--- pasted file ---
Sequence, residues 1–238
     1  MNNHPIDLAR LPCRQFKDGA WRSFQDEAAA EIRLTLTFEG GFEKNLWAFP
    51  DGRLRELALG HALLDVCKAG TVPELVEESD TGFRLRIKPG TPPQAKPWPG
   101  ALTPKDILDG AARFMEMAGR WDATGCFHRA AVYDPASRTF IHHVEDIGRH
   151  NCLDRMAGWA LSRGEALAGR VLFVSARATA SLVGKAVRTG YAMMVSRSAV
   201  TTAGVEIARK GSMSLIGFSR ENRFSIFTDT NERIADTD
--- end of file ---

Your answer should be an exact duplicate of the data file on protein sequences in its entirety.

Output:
Sequence, residues 1–238
     1  MNNHPIDLAR LPCRQFKDGA WRSFQDEAAA EIRLTLTFEG GFEKNLWAFP
    51  DGRLRELALG HALLDVCKAG TVPELVEESD TGFRLRIKPG TPPQAKPWPG
   101  ALTPKDILDG AARFMEMAGR WDATGCFHRA AVYDPASRTF IHHVEDIGRH
   151  NCLDRMAGWA LSRGEALAGR VLFVSARATA SLVGKAVRTG YAMMVSRSAV
   201  TTAGVEIARK GSMSLIGFSR ENRFSIFTDT NERIADTD